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GM Puts Volt Into 'Neutral' To Let Sales Catch Up

General Motors will suspend production of its Chevrolet Volt electric car for five weeks amid disappointing sales.

A GM spokesman said Friday that the company will shut down production of the Volt from March 19 until April 23, idling 1,300 workers at the Detroit-Hamtramck assembly plant.

"We're taking a temporary shutdown," said GM spokesman Chris Lee. "We're doing it to maintain our proper inventory levels as we align production with demand."

GM sold 7,671 Volts last year, below its original goal of 10,000 cars. The company stopped publicly announcing sales targets last year. It sold 1,023 Volts in February and 603 in January.

"The fact that GM is now facing an oversupply of Volts suggests that consumer demand is just not that strong for these vehicles," said Lacey Plache, chief economist for auto information site Edmunds.com.

Lee said a decision to allow Volt drivers to use carpool lanes in California should help demand. "We're just looking to increase sales, and we see a positive trend going forward," he said.

Although the Volt has not been a big seller, the low-emission vehicle has improved GM's reputation for innovation.

The Volt is powered by a 400-pound battery pack, which allows the car to travel about 35 miles. After that, a gasoline-powered generator drives the electric motor. The Volt has a base price of about $40,000.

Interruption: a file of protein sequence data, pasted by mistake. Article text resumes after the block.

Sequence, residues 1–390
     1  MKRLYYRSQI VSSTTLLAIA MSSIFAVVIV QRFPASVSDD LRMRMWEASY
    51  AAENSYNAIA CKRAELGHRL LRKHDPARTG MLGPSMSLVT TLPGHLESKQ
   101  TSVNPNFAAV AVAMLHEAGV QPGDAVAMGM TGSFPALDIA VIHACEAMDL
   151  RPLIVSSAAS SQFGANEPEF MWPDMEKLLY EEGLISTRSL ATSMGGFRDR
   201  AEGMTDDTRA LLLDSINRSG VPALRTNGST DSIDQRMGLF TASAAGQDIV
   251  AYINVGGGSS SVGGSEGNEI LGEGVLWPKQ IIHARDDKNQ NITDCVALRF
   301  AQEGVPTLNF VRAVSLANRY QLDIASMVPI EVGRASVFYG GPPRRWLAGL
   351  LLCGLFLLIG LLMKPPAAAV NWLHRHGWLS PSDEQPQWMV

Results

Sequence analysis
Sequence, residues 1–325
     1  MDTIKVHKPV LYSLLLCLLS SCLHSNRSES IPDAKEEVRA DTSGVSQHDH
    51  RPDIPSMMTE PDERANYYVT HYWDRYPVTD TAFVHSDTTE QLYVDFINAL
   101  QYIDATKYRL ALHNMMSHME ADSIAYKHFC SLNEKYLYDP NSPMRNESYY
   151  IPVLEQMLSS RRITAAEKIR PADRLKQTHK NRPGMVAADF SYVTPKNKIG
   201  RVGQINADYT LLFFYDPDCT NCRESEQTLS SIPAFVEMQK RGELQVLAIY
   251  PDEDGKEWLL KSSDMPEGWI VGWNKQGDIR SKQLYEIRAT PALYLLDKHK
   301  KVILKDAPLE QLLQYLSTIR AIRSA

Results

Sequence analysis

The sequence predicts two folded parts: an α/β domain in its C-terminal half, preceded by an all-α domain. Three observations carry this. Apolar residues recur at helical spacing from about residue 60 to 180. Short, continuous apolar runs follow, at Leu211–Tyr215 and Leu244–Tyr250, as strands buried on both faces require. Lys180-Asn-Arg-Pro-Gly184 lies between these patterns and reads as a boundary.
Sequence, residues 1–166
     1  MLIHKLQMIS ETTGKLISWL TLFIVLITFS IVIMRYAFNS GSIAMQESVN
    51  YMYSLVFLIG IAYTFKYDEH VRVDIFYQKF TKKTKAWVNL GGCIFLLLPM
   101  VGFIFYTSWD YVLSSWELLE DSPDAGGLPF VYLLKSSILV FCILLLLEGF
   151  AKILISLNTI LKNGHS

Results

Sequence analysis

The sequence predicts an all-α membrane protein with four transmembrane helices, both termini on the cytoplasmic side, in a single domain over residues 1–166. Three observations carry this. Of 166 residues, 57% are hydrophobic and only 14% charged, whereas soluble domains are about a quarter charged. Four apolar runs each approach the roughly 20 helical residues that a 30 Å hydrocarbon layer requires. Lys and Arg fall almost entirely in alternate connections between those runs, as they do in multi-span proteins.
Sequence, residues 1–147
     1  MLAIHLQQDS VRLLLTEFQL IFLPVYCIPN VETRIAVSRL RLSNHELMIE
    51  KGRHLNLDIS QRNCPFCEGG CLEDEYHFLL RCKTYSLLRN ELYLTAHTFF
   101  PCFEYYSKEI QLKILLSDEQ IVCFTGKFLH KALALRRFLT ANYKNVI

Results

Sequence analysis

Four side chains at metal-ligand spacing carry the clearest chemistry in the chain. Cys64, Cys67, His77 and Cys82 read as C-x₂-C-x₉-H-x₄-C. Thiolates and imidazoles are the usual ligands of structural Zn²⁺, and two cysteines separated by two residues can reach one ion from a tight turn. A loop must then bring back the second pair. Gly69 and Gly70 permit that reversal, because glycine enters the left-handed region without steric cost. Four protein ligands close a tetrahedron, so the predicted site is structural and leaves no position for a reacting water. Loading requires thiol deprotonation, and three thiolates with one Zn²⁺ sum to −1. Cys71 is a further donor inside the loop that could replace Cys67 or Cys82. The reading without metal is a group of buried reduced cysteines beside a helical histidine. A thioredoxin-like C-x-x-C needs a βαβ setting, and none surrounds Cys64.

Battery fires broke out in three Volts after crash-safety testing last year, but National Highway Traffic Safety Administration investigators determined the car was no more risky than vehicles with conventional gasoline engines.

That conclusion put the Volt in the middle of a political fight. Republicans accused federal safety regulators of going easy on the Volt because the government owns a stake in GM after giving it a $50 billion bailout.

The director of the highway safety agency denied giving GM favorable treatment.

Last year, GM offered to buy back Volts from any customers worried about safety. In January, it advised Volt owners to take the cars to the dealer for free repairs — steel was added to plates that protect the batteries.

Copyright 2012 National Public Radio. To see more, visit http://www.npr.org/.

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